5. The 30-year fixed mortgage rate average rose by 4 basis points to 3.95% this week, still incredibly low by historical standards, and probably a factor in the rise in pending home sales.

6. Florida home sales in November showed signs of an improving real estate market in the Sunshine State, with increased sales of 11.4% compared to last year, and median prices stabilizing at the same level as a year ago at around $130,000.   

Wednesday, December 28, 2011

Energy Charts of the Year (Updated)

There have been a number of year-end "Charts of the Year" lists recently, see Ezra Klein's Wonkblog, The Atlantic, the BBC, NPR's Planet Money, and AEI's Jimmy Pethokoukis.  But every one of these lists of charts missed what might be the biggest economic story of 2011: The new age of energy abundance in the United States, thanks to recent breakthroughs in advanced drilling technologies (fracking and horizontal drilling) that have unlocked vast supplies of previously inaccessible "unconventional" natural gas and "tight" oil from shale formations around the U.S.

Below are my six (updated) "Energy Charts of the Year" that help tell the story of the "shale revolution" that is transforming America's energy outlook, with major, positive implications for U.S. energy security, economic growth and job creation, a manufacturing revival, and even government revenues.      

1. U.S. net oil imports in 2011 (through November) were only 45.4% of domestic consumption, which is down from the peak of 60% in 2005 and at the lowest level since 1995, thanks to greater energy efficiency and reduced demand, but also in large part due to increased domestic oil production (see chart below).    

2. The epicenter of the domestic shale revolution is the oil-rich Bakken region in western North Dakota, which has turned North Dakota into America's "Economic Miracle State."  The ongoing record-setting oil production in the Peace Garden State (see chart below) continues to make it the most economically successful state in the country, with record levels of employment and income growth, increasing tax revenues, the lowest home foreclosure rate in the country, a strong real estate market with consistently rising prices, and jaw-dropping jobless rates in many counties of the Bakken region below 2%. At the current pace of record-setting monthly gains in oil production, North Dakota will likely surpass both California and Alaska sometime in early 2012 to become the No. 2 oil-producing state in the U.S.   

3. North Dakota currently boasts ten counties with jobless rates below 2% in October, but at the epicenter of the Bakken region in Williams County, home of the city of Williston, the jobless rate in October was an unbelievable eye-popping 0.9%, see chart below.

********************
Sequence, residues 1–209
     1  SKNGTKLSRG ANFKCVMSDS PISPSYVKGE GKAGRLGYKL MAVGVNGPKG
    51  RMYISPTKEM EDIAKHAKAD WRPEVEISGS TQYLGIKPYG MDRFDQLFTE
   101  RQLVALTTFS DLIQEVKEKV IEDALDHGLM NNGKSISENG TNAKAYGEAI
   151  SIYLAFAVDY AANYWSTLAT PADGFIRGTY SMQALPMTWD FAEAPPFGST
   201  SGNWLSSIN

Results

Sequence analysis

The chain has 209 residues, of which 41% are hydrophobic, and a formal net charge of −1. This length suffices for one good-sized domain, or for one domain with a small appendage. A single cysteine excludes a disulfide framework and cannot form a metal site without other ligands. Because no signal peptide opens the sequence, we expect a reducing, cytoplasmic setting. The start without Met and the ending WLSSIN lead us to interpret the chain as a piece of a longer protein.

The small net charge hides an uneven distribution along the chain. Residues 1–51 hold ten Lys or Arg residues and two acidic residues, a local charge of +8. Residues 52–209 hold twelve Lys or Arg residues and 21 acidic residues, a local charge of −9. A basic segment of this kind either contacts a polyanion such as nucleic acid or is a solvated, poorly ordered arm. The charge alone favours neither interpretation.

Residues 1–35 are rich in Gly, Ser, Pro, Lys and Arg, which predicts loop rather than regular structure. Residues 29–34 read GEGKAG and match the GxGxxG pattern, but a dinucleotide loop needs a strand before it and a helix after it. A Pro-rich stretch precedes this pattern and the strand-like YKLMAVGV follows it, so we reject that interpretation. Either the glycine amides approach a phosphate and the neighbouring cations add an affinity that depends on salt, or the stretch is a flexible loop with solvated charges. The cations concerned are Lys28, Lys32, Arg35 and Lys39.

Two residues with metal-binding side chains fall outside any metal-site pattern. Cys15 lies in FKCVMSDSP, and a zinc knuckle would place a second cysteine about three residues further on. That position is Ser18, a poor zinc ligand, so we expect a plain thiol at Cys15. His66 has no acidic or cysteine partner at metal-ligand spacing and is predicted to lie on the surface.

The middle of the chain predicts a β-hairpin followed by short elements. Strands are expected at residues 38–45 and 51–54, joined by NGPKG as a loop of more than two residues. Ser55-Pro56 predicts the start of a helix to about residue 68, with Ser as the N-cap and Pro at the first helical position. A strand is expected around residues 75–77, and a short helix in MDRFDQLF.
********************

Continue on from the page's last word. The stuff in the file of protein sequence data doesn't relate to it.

4.  Moving east to the gas-rich Marcellus shale formation covering Pennsylvania, Ohio and West Virginia, the chart below shows the dramatic increases in domestic natural gas production over the last five years.  After about a decade of stable gas production, the advanced fracking technologies starting becoming available about five years ago and boosted domestic gas production by almost 25% since 2006 (see chart below).  The boom in unconventional shale gas made America the world's No. 1 producer of natural gas, when it passed Russia in 2009.   

5. Thanks to the new abundant supply of unconventional shale gas in the U.S., we've now got access to a 100-year supply of the energy resource at the current consumption rate, and prices have dropped significantly. The chart below displays the monthly inflation-adjusted price of natural gas back to 1997, and shows that the current spot price of gas is close to a ten-year low, and is 70-80% below the peaks in 2001, 2006 and 2009.  Additionally, gas prices over the last two years have been more stable than any two-year period since the late 1990s; so gas prices are not only close to historic lows adjusted for inflation, but are more stable than in more than a decade.  It's the fact that gas prices are now both low and stable that makes it such an attractive source of energy for American manufacturers.  

PricewaterhouseCoopers predicts that lower gas prices will help add one million new U.S. manufacturing jobs by 2025.  And residential consumers around the country are saving hundreds of dollars this winter, as utility companies in many areas have started to lower rates for piped natural gas.   


6. Here's another graph below (thanks to Junkyard Hawg for the suggestion) that shows the percentage difference in the historical spot prices of oil and natural gas, on an energy equivalent basis, with natural gas prices converted at the ratio of 5.8 million BTUs per barrel of oil.  Over the last 18 years, natural gas has been cheaper than oil on an energy-equivalent basis most of the time except for fairly short periods in 1996 (1 month), 2001 (5 months), 2003-2004 (7 months), and 2005 (4 months). For the last 33 months starting in March 2009, natural gas has been more than 50% cheaper than oil, and in November gas was cheaper by a record 80% ($97.21 per barrel for oil vs. $18.79 for gas).